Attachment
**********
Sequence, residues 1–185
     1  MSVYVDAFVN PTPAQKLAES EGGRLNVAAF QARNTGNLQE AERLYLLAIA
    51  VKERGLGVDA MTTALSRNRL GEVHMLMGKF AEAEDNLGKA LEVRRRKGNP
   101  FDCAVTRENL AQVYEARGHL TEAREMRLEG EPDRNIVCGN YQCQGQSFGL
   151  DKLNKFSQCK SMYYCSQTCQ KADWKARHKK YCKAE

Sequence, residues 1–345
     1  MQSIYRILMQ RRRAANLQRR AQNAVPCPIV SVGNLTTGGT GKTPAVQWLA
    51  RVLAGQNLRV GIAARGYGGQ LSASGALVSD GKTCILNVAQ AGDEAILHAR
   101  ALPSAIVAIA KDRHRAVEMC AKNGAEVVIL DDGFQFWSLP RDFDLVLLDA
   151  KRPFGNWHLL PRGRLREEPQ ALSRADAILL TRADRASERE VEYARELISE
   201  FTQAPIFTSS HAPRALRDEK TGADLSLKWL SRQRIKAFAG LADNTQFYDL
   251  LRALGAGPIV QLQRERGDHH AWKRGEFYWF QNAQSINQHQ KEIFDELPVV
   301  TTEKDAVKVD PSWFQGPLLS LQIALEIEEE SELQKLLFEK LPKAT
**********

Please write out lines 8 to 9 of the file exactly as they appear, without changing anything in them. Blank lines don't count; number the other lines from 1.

    51  RVLAGQNLRV GIAARGYGGQ LSASGALVSD GKTCILNVAQ AGDEAILHAR
   101  ALPSAIVAIA KDRHRAVEMC AKNGAEVVIL DDGFQFWSLP RDFDLVLLDA